Sure, it sounds backwards. The success did not involve getting an assignment, but rather avoiding a labor-intensive pitch process that would not yield an assignment for me, or any other sane, competent writer. And, I was instead able to use that time for queries and networking that did yield paying work.
But, let me back up. Several months earlier, I had received a dream e-mail from a friend who was to edit a local magazine. “You know I love your work. Pitch me anything! Can’t wait to meet with you and hear what you’ve been up to.”
Busy on a project that involved lots of commuting to another locale, a few months went by before I was able to devote my full attention to her offer. I knew when I e-mailed to suggest I send her some focused ideas and she paried with a suggestion to meet for Happy Hour, it would not be good news.
She was honest. The promised project looked good on paper–and on Facebook, where the inaugural issue was celebrated in photos with local celebs, many flowers, and thousands of “likes.”
She was polite, and never slanderous. But, I got the idea: the magazine was no longer her brainchild. A lot of writers were flopping with proposals she had initially requested. There was a lot of resistance from others involved in the project. She’d never tell me not to try, but…
Then and there, I decided this was not the process for me.
It’s difficult enough to sell in ideal circumstances, I thought. Why would I butt my head against a wall in a situation where the person ultimately deciding whether I can write or not is not going to be receptive?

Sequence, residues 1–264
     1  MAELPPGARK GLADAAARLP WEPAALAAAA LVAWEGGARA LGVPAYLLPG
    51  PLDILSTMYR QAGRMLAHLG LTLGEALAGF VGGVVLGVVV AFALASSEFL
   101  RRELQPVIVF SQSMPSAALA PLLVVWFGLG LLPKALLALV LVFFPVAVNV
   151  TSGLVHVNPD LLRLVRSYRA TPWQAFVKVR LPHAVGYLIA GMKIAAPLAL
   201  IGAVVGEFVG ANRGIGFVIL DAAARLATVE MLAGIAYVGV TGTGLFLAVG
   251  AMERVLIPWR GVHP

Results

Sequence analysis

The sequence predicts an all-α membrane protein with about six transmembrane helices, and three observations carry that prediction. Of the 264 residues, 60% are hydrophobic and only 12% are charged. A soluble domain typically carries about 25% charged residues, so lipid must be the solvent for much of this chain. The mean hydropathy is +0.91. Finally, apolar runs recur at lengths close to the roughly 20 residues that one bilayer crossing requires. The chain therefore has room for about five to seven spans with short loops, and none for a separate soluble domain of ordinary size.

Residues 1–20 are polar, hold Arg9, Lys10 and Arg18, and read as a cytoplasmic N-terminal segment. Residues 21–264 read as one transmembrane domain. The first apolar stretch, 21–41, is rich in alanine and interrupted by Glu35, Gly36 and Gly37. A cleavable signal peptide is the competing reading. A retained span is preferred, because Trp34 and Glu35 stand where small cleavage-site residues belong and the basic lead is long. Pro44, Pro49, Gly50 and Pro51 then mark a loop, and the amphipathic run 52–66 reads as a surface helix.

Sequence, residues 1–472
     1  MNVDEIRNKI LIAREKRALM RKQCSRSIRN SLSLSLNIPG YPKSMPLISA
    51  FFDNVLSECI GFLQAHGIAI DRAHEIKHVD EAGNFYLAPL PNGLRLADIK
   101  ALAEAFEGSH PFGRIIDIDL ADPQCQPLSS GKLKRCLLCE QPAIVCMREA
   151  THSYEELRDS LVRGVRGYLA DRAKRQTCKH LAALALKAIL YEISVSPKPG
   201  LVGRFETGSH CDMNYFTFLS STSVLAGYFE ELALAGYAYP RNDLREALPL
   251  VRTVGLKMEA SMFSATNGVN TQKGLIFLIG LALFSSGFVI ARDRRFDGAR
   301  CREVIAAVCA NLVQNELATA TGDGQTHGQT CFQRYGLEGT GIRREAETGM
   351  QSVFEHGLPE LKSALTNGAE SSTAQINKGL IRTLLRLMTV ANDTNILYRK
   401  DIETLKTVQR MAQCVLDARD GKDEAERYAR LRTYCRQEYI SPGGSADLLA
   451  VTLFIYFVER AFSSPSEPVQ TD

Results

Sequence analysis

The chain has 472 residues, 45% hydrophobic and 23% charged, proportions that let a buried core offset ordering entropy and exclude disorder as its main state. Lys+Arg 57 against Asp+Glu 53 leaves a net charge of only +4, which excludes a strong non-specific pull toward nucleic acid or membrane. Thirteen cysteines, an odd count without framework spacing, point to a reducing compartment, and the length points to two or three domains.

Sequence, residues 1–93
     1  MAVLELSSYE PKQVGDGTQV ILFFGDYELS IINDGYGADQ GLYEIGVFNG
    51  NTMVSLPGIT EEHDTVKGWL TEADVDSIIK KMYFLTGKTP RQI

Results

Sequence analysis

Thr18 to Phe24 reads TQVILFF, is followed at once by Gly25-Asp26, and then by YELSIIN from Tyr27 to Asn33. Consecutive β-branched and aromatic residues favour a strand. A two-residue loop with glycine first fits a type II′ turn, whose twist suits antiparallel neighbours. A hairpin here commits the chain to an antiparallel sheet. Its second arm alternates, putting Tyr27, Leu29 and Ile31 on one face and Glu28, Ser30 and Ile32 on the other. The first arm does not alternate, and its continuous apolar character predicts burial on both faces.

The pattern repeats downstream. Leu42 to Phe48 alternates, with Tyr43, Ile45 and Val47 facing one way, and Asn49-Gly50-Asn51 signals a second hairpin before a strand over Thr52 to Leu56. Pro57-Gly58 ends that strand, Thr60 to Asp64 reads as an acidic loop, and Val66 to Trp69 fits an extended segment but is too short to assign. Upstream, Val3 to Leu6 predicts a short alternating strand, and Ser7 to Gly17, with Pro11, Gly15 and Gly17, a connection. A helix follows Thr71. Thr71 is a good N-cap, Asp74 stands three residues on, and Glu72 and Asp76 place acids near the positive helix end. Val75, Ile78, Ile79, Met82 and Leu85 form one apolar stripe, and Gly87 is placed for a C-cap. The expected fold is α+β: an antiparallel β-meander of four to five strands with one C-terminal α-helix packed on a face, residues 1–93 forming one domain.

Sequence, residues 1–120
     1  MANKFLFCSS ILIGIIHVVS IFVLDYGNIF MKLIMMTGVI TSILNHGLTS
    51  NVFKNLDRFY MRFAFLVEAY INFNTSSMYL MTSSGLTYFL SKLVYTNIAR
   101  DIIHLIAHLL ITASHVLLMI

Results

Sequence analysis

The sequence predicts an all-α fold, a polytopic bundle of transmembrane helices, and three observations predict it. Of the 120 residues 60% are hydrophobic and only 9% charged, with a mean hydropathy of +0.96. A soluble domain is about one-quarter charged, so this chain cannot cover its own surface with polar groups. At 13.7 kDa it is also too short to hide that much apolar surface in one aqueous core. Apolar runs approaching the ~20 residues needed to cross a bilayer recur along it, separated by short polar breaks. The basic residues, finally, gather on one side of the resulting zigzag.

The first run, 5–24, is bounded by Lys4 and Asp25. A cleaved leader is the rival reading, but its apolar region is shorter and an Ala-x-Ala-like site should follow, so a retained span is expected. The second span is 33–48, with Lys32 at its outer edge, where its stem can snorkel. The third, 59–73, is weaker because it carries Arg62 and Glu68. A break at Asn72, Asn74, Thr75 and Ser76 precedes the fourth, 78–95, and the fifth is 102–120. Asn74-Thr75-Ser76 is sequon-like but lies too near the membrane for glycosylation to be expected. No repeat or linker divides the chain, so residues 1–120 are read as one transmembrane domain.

And, now I am going to give my fellow writers some counterintuitive advice: If you see that someone you know is already writing or editing for a publication you are targeting, see what they think of the experience–even if they are a competitor in your local market or your line of writing expertise.
What I did not reveal earlier is that my “friend” in this situation was once a fellow contributor to a local newspaper, and we could have viewed each other warily. Instead, we were friendly then and friendly later, when that publication bit the dust and we were both once again seeking work.
Lots of times, there is plenty of room for both of you to contribute to a publication. People move, and move up, publications expand or start falling apart, and there is nothing like the voice of someone you’re familiar with to give you the lowdown when they’re an insider.
This input can never replace due diligence, of course. There’s no getting around the sifting through current issues and blogs and writers guidelines, and keeping pace with such columns as WritersWeekly’s “Whispers and Warnings.” But it’s a really nice extra.
I truly benefitted from my ties to a trusted insider in this situation. Because we didn’t just leave it at, “No, not them!” We sipped some lovely red wine and discussed a local editor who did need freelancers. I had no idea. My friend would be meeting with her next week, and would be fine with me following up after that (she even gave me the e-mail and on-the-desk phone number.)
I did get an assignment from the second set-up, just a small one, but still very nice. And, my connections are all in place if a much-desired neighborhood column from that publications ever has a vacancy.
I was able to pay it forward shortly thereafter when another former writer/editor friend, who’s now in media relations, told me–this time over lunch–that she’d seen a job open with a regional publication.
“Ah, do you want my advice?” I asked. “I’ve written for them and, you know, they make all sorts of excuses not to pay…”
Instead, we’re going to collaborate on a food blog. A much better way to spend our time, but how would she have known if she didn’t ask?
Rose Kennedy is a contributor to the Knoxville, Tenn. Mercury and a cheerful, willing freelance blogger focusing on food and garden writing.